1812

 
Axes by John Donelson and Bart Dellinger

In the War of 1812, during naval battles on the Great Lakes or on the high seas, it was customary for ships to engage with cannon as theyclosed upon each other, and then to finally board each other wherethe final outcome of the engagement was settled in hand to hand combat. Withits sharp steel spike, the boarding ax was designed to pry red hot cannon ballsfrom the wooden decks before they could catch fire and its ax like bit wasperfect to chop away any tangled rigging that fell from shattered masts. Butwhen battling ships closed and boarding parties attacked, this tool became asubstantial weapon in the hands of a determined man. Blacksmith and artist John Donelson of Clear Lake Mn. is hand forginga complete set of three boarding axes, each reflecting a variation of the styles then in use by the Americans, the French, and the British navies. The image shown was taken in his shop, and is of the forgings in progress. They are finished now, and this rareassemblage will be among the special items upfor auction at the 2012 Contemporary Longrifle Associations annual fundraising auction.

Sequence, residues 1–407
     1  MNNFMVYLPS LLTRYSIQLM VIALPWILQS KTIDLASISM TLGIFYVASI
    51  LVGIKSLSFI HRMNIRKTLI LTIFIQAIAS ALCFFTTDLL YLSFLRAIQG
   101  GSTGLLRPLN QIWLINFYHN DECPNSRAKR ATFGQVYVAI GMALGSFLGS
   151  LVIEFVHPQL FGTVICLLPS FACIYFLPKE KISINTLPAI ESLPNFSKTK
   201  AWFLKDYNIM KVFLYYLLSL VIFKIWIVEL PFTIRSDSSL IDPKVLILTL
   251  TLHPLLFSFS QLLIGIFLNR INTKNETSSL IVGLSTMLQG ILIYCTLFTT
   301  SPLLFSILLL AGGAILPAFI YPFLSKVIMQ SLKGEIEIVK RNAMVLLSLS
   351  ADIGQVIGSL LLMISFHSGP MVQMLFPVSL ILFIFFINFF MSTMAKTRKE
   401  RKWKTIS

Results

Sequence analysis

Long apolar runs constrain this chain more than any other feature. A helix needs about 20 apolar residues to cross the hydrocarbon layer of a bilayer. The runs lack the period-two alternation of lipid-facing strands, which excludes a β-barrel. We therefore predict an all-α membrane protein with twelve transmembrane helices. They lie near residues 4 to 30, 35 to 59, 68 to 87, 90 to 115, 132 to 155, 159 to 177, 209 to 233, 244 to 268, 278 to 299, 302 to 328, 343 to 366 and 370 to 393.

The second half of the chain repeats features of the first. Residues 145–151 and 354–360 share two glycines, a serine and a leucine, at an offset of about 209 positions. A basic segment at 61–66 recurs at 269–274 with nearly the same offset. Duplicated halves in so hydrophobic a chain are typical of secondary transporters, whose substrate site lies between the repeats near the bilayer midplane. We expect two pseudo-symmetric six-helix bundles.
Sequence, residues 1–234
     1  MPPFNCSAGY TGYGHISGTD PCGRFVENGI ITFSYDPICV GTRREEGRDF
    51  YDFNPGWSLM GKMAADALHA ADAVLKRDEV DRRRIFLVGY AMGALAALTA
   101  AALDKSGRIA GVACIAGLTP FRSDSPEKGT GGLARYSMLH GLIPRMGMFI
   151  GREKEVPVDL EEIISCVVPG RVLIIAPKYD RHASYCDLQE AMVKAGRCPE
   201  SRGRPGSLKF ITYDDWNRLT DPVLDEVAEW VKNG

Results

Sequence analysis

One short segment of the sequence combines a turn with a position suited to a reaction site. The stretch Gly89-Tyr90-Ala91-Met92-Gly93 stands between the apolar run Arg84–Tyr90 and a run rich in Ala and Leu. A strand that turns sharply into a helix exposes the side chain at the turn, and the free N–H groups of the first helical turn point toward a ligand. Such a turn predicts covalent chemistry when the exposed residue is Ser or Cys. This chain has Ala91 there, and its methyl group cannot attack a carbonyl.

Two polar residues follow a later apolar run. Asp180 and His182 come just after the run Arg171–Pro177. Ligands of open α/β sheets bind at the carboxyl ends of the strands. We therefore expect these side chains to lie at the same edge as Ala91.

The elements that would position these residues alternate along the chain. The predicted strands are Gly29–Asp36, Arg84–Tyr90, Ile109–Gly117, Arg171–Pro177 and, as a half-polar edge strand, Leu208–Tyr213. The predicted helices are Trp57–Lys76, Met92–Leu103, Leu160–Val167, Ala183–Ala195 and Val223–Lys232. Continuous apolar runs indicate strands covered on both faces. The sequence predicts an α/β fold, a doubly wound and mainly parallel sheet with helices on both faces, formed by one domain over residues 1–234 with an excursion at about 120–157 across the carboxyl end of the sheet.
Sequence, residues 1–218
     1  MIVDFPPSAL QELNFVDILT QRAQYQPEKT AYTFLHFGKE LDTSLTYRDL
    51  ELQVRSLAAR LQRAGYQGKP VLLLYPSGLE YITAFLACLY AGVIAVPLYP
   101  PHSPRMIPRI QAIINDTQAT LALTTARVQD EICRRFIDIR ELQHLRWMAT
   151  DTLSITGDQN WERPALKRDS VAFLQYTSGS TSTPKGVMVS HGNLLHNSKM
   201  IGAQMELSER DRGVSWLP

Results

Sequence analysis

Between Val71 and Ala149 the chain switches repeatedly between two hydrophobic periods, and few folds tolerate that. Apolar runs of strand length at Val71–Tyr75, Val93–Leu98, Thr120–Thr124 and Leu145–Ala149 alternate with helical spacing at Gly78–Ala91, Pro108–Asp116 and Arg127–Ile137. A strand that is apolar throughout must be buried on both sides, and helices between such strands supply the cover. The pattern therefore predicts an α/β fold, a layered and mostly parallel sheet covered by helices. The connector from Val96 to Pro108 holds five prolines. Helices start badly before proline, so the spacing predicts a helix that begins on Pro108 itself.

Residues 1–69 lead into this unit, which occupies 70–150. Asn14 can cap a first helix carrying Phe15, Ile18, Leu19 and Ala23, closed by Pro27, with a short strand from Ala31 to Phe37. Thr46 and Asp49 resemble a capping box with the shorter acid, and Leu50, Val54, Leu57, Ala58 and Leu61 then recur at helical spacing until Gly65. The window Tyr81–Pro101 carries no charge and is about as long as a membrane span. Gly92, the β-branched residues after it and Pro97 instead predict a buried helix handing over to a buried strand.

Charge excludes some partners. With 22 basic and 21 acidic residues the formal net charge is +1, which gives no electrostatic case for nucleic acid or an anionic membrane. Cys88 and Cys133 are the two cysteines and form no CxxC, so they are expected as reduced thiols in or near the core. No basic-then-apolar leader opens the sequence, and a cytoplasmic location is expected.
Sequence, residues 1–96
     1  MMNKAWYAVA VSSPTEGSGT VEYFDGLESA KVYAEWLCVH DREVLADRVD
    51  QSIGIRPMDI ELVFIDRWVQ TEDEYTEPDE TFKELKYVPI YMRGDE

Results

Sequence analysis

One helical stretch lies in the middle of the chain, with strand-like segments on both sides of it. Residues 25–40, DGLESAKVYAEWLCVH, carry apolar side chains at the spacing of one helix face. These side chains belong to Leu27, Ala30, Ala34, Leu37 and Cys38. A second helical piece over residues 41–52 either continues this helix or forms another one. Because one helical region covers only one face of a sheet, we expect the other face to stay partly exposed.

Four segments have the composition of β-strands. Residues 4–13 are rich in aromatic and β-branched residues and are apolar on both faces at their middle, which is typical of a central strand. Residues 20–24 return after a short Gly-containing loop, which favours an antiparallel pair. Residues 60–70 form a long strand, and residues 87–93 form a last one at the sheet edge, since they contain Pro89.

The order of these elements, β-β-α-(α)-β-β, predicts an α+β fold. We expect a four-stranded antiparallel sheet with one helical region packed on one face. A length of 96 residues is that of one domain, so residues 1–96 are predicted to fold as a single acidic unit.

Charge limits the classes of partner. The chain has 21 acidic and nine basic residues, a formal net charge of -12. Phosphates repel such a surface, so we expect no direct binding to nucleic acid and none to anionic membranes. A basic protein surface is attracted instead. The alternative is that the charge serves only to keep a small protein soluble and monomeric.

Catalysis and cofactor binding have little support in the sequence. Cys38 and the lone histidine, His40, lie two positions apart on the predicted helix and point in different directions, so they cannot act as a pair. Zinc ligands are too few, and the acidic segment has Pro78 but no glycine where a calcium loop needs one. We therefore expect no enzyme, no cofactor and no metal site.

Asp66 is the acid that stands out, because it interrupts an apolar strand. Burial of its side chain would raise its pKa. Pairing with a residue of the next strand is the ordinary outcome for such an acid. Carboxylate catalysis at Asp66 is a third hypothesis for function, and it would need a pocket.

An ax of a different kind also played a part in the War of 1812. The Ft. Meigs ax was proportedly unearthed from the battle field of thet name in Perrysburg Ohio. Built by General William Henry Harrison, Ft. Meigs was envisioned as a staging ground for American assults into Canada, but in May of 1813, the fort found itself under attack from forces led by Proctor and Tecumseh. During the seige many skirmishes ensued as reinforcements to the fort began arriving from Kentucky. At some point it can be imagined that one of these Kentuckians lost his personal belt ax, and artist Bart Dellinger of Woodstock Va. has made a copy of it to include in our event. Bart has provided us a photo of his great little ax as well, and you can see how perfectly it would serve a contemporary long hunter today just as it did the Kentucky hunters and militiamen during the War of 1812 .

To see more images of Axes by John Donelson and Bart Dellinger, Click Here.
 


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